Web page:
Former Chicago police commander Jon Burge is accused of lying about torturing suspects in the 1970s and '80s. Prosecutors allege Burge lied on two sworn questionnaires from a civil lawsuit in 2003. In the documents, he was asked about knowledge or participation in torture. He denied either and signed the statements in front of notaries public.
On Monday, jurors heard testimony from two notaries public from Florida. They testified that their notary seal was put on the documents after Burge verified his identity and acknowledged they were true statements.
Jurors also heard from Frances Boatman who testified that her boyfriend Anthony Holmes told her he was tortured in 1973. She said, "They tried to suffocate him with a bag, they shocked him."
Holmes testified on his own behalf on the first day of the trial.
Andrew Wilson also alleged torture by Burge. But Wilson died in prison three years ago while serving a sentence for killing two police officers.
Jurors heard from one of Wilson's attorneys Monday. Dale Coventry was a criminal defense attorney in 1982. Coventry testified that Wilson told him Burge tortured him and Coventry saw the injuries.
"There were injuries to his legs, his chest. The most spectacular injures, of course, were the clip marks on his ears and his nose which he described as being the device that clipped on him while he was being electrically shocked," said Dale Coventry, former attorney for Andrew Wilson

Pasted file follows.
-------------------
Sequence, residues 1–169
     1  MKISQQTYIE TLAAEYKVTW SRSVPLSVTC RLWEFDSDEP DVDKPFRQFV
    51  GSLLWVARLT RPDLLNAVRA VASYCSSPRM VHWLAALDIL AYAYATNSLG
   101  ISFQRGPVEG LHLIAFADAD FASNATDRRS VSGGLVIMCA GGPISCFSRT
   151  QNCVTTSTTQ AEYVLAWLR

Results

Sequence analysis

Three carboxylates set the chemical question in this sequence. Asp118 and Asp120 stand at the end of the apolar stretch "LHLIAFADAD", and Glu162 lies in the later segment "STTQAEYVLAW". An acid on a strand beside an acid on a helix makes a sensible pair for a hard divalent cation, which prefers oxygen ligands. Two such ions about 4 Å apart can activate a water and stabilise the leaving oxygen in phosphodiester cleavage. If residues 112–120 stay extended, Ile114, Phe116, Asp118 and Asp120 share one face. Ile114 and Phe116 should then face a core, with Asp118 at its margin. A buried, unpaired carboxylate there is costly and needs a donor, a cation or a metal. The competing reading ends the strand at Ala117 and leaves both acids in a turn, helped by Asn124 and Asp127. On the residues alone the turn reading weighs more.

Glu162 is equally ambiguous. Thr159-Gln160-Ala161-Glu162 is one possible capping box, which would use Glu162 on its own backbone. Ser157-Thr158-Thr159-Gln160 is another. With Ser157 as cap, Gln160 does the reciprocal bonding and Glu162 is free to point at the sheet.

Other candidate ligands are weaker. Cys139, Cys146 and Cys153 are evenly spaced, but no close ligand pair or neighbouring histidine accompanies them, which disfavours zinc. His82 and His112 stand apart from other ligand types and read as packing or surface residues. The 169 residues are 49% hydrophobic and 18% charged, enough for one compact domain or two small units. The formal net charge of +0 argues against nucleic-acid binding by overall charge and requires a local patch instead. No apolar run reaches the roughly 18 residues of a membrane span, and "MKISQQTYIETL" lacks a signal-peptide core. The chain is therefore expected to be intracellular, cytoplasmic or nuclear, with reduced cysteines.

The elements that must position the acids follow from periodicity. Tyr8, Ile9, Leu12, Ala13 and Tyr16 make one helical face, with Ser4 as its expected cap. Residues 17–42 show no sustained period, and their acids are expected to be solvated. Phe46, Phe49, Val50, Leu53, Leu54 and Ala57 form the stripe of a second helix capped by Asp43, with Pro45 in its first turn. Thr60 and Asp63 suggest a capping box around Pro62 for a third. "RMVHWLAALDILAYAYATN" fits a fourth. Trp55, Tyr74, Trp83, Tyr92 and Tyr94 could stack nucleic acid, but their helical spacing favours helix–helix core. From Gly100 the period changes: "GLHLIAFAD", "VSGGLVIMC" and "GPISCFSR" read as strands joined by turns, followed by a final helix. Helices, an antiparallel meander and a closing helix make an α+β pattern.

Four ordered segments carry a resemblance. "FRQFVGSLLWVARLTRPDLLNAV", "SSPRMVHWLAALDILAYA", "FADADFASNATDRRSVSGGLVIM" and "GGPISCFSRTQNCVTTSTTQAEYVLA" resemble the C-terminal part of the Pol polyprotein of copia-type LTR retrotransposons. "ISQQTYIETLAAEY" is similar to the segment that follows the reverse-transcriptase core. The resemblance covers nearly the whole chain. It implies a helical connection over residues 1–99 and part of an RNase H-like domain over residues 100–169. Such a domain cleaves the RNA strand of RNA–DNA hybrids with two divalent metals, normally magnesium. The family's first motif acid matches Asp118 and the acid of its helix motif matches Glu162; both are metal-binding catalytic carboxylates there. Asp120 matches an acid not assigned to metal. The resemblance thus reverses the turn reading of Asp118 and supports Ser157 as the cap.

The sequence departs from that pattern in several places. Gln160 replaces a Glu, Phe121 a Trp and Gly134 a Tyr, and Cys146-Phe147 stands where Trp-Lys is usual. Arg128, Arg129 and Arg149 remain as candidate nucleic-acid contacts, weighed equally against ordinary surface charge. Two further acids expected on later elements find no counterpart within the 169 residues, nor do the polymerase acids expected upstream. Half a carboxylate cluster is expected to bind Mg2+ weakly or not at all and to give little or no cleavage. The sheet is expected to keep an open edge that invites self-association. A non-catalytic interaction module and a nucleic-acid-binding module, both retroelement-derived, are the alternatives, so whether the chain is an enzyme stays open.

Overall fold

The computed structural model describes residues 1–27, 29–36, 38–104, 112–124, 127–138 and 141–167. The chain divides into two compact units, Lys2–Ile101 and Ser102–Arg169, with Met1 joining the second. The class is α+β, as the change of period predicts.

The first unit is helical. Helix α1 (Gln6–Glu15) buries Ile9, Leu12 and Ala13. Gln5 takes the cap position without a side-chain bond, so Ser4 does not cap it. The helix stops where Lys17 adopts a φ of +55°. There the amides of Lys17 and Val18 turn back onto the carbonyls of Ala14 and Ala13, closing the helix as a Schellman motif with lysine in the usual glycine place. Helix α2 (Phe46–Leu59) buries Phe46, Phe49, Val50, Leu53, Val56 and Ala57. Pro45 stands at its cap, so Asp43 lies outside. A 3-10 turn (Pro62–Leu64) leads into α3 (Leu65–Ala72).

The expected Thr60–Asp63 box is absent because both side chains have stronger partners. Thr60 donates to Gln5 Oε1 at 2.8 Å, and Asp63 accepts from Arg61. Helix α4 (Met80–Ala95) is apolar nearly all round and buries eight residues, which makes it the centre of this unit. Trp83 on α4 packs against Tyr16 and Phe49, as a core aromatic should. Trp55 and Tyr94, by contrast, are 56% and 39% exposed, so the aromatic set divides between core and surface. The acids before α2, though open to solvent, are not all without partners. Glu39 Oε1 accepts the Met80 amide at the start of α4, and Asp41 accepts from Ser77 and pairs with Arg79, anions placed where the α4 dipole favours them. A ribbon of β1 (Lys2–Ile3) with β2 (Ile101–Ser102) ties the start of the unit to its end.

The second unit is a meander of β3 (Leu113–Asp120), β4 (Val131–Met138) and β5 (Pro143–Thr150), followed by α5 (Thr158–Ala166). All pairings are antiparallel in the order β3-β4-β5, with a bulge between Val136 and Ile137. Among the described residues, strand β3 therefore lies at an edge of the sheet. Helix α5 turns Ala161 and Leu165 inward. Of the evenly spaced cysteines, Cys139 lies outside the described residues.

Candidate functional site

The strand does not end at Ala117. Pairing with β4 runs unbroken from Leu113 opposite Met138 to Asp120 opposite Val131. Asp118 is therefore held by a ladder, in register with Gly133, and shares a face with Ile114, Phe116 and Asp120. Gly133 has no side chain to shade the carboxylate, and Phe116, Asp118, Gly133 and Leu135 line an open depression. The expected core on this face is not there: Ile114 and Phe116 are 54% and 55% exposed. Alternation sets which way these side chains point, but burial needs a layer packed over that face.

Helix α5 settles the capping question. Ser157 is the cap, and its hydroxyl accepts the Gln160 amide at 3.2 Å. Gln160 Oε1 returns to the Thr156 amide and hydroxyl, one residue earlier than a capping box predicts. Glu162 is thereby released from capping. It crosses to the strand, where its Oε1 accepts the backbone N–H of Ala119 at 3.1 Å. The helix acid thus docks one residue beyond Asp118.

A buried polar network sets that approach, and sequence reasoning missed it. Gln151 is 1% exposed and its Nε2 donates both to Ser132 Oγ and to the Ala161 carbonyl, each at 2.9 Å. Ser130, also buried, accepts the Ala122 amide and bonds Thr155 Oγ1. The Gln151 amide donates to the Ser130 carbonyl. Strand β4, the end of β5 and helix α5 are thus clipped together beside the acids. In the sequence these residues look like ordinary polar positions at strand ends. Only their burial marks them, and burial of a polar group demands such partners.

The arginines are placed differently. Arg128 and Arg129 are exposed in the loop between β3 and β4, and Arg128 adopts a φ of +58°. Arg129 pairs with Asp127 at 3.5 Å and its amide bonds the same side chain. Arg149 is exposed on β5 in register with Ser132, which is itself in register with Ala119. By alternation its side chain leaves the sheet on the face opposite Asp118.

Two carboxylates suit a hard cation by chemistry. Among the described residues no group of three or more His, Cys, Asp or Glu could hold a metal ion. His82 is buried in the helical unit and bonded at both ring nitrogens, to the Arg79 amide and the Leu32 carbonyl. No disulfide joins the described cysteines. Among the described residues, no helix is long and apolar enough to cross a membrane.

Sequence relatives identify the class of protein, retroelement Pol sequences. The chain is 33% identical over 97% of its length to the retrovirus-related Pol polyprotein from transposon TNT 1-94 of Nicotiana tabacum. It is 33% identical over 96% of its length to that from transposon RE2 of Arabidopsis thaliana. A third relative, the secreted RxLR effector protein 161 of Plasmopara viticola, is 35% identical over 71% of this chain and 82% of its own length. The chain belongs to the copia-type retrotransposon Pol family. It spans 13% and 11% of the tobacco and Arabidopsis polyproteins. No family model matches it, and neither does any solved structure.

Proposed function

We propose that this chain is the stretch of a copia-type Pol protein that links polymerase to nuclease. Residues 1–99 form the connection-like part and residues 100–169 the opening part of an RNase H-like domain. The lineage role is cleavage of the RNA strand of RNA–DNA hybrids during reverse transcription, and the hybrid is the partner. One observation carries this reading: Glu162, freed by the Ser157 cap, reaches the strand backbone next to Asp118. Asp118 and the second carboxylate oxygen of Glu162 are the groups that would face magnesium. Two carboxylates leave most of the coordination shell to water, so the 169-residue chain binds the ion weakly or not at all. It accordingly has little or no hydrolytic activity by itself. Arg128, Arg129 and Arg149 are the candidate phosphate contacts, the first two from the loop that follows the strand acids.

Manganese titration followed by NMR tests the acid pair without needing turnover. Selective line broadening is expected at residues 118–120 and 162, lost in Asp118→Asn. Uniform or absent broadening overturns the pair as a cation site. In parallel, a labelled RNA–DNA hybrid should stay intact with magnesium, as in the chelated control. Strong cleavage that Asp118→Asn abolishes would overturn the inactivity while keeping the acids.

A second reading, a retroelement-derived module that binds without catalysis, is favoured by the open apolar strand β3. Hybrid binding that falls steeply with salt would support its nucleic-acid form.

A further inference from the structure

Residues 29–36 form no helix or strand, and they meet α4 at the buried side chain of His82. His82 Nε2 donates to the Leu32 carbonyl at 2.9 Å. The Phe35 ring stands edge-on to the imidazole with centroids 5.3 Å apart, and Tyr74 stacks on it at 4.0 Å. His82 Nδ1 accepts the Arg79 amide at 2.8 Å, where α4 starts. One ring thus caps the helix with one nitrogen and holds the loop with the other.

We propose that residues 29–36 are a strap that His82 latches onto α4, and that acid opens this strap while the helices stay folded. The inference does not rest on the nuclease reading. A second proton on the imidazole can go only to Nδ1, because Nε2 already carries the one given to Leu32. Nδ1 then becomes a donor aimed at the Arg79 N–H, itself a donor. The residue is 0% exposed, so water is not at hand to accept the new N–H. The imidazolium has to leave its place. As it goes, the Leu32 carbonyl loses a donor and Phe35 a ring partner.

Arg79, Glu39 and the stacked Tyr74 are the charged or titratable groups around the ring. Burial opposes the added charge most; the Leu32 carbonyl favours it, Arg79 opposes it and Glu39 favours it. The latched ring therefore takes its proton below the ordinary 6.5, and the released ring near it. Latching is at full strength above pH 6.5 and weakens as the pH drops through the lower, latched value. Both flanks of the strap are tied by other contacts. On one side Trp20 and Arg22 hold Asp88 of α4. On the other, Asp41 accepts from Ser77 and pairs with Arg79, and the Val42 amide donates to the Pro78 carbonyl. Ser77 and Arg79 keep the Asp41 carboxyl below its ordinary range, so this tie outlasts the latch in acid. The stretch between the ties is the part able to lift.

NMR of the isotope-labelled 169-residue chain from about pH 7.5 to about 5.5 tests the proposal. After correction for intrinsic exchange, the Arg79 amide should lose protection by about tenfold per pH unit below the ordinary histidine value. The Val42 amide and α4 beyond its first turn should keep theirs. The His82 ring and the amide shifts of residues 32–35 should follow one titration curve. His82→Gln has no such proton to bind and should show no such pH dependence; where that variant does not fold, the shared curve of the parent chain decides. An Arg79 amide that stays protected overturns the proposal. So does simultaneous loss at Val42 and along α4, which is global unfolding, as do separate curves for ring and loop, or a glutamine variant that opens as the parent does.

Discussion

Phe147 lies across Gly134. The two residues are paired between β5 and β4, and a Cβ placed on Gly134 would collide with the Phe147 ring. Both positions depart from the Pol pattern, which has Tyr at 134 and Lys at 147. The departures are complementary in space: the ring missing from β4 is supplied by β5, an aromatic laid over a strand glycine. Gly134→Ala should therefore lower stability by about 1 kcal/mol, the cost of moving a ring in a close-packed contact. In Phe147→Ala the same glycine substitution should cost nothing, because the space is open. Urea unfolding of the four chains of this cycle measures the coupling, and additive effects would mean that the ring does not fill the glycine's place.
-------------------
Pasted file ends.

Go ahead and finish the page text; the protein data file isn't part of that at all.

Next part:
Last week, jurors were shown a photo of Wilson with his face bandaged. Under cross examination, Coventry testified other officers beat Wilson.
Outside court, Coventry said while other officers may have beaten Wilson, Wilson maintained that Burge was responsible for the torture.
"We're the first ones basically to go public with the idea of torture but after fact we discovered that there were people previous and after that had suffered the same the same thing from Jon Burge ," said Coventry.Testimony from the late Andrew Wilson was read to jurors. In it he described that Burge twice shocked him and burned him on a hot radiator.
More of Wilson's testimony will be read to jurors when the trial resumes Tuesday.